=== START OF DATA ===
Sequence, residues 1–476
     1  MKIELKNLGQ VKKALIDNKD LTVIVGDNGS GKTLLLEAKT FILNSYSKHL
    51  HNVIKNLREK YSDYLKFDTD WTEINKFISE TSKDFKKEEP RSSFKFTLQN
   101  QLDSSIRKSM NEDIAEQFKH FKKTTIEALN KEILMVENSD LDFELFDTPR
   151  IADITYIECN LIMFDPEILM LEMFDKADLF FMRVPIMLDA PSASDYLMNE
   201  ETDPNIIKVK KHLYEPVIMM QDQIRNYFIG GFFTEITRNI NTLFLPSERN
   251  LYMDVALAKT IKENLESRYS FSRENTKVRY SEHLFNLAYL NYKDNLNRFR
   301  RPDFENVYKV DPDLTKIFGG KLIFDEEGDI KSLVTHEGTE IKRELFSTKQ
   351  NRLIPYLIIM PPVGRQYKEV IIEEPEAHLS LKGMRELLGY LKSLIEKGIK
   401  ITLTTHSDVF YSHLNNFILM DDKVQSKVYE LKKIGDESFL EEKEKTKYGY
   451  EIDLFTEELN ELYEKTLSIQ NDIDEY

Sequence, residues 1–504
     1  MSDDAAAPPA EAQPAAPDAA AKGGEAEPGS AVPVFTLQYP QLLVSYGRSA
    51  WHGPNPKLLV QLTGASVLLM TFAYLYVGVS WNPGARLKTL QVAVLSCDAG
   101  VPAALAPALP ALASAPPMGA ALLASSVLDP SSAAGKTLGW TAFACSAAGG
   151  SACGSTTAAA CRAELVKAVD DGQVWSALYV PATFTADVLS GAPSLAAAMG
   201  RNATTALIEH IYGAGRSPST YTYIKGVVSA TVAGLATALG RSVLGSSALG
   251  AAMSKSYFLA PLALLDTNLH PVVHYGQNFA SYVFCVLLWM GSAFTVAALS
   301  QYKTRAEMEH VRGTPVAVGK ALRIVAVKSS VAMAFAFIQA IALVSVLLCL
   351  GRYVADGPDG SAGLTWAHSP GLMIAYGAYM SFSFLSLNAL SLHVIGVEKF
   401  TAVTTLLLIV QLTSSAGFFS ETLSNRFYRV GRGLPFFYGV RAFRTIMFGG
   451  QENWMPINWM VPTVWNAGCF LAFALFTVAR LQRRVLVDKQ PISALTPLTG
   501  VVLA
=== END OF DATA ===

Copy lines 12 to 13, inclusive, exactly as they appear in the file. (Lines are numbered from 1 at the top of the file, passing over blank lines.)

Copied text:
Sequence, residues 1–504
     1  MSDDAAAPPA EAQPAAPDAA AKGGEAEPGS AVPVFTLQYP QLLVSYGRSA